Top five things to improve your coding (in no particular order):

1. Document your code (automatically)
2. Write Object Oriented code
3. Get acquainted with useful packages
4. Write tests for your code
5. Use a version control system (This post)

Version control isn’t coding as such, but it is pretty much an essential skill once you move past the beginner stage for a few very good reasons:
1. Writing code is never a one time job. There’s always updates, adding features, fixing bugs. You need some way to track the changes to your code so you know what version of the code you are running. Using multiple folders with version labels quickly becomes totally unmanageble in my experience! There are tools built to do this job for you – so why not use them?
2. If you work in any way with others you’re going to need to share your code, and for the vast majority of projects that means sharing a version controlled code repository.
3. I’ve found even for simple personal projects using a Raspberry Pi, it’s much quicker for me to write the project on my laptop, put it in a online code repository, and then download the project from the repository on the Pi. It’s actually more convenient than copying the files across when you are doing a headless project.


The most popular distributed version control software at the moment is Git, and github and bitbucket are two online services which allow you to push your code repository from your local machine into the cloud. If you’ve read my other posts you’ll see I use github to share my code – but these online service are not the software itself, but the code repositories. You can even host your own if you like. There are other version control systems but the only other one I’ve come across a need to use is SVN for the WordPress repository – which was easy to pick up as it is quite similar to git.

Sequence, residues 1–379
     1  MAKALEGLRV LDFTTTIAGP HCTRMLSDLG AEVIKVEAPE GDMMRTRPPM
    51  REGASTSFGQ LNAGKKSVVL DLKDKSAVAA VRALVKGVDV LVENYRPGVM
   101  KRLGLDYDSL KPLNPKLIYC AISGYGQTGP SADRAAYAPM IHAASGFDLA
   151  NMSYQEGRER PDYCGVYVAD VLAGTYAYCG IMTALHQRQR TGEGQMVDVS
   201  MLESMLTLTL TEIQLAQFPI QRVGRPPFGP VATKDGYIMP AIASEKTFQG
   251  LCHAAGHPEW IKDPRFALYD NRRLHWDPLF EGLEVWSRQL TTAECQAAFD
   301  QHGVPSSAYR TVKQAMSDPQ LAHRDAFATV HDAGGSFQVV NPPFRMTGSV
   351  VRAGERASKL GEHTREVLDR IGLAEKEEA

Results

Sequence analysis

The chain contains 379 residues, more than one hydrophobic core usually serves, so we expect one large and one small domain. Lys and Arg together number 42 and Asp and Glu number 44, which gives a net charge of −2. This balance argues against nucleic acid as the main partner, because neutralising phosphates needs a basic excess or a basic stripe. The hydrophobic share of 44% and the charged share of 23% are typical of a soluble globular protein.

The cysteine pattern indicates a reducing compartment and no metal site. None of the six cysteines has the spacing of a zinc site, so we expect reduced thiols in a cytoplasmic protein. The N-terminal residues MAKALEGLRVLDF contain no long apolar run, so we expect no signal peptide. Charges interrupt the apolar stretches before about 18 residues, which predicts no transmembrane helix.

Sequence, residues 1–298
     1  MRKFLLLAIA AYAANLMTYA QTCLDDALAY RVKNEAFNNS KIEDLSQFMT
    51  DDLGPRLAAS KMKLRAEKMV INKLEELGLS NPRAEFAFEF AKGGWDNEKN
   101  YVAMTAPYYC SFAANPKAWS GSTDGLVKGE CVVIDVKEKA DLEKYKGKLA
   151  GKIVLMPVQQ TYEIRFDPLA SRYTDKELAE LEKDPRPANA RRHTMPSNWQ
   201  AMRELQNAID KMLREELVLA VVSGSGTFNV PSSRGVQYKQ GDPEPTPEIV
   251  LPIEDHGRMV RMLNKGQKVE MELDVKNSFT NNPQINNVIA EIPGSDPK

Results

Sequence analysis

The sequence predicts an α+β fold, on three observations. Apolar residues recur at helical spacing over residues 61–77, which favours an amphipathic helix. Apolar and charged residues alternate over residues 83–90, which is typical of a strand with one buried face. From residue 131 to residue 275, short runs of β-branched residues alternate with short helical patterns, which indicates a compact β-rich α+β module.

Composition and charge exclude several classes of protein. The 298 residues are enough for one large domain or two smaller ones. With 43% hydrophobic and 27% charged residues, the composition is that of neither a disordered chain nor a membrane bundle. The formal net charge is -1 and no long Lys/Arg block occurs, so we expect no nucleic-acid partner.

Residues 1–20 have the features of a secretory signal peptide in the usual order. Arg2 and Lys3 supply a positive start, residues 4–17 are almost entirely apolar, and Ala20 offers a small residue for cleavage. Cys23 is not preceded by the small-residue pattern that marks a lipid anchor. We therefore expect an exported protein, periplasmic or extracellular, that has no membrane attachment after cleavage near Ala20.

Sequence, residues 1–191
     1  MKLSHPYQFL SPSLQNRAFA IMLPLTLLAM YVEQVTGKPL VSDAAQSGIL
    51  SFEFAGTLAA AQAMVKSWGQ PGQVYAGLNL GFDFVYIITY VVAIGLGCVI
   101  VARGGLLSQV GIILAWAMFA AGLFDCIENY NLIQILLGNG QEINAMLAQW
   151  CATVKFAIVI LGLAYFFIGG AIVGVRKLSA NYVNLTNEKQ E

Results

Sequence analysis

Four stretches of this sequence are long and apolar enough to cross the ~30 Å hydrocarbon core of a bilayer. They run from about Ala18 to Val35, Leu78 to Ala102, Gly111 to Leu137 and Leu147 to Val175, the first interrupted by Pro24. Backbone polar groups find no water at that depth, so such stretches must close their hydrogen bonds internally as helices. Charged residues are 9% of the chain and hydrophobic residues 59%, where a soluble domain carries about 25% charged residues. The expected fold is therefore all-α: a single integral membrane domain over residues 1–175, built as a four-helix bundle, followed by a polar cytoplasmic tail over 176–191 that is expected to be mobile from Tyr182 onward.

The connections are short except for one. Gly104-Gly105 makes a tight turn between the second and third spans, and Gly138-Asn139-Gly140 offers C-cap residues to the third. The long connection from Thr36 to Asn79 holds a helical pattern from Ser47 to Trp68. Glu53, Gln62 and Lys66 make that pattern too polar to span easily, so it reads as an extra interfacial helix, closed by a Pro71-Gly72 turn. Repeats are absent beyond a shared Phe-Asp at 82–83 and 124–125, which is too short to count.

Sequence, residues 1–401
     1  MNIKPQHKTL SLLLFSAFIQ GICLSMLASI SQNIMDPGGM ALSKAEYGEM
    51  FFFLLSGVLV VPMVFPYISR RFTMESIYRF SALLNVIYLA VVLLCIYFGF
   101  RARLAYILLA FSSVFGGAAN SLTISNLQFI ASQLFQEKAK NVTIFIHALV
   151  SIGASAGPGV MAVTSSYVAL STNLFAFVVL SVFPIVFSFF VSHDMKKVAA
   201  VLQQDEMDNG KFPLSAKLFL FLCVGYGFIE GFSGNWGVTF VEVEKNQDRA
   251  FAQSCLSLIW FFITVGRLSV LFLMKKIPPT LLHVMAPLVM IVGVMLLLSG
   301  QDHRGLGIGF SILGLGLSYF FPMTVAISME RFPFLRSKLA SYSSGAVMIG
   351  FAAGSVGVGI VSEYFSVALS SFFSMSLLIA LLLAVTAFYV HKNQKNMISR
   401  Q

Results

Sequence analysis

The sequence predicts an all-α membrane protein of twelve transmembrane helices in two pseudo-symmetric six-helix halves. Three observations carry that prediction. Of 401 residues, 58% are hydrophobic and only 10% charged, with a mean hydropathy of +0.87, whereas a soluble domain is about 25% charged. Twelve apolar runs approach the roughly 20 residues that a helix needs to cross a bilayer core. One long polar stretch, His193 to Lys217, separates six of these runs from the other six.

In my experience being able to use git has helped me to maintain and organise my code in a much better manner – and you can also roll back code to any stage you commit (that’s like saving a checkpoint). It’s been essential for the projects I’ve done for clients where I had to collaborate with them in writing projects. Having said that, I found it had a steep learning curve. Git is not at all intuitive and requires some effort in understanding the difference between local repos and remote repos, what a branch is, how to make a commit and how to use branches and pull requests when collaborating with others. There’s quite a few steps to learn, and I still keep coming back to my git crib sheet any time I want to do something out of the ordinary. It is totally worth the effort of learning though – the pay off later is huge. I started off reading the documentation on bitbucket which confused me even more, until I found codecademy’s online tutorial for git. That was good to get some real practice using it and got me up to speed. Another good resource is the ‘Using Git’ tutorial series in MagPi issues 27 to 29. I now use Git for all my projects and so I’ve had lots of practice on making commits and pushing to github, so those things feel quite familiar now.

That concludes my five part series on improving your coding when moving on from the beginner stage. I’ve been through all these steps and I think they are the most relevant in my journey from playing with Python for fun on the Raspberry Pi through to getting my first clients as a freelance developer.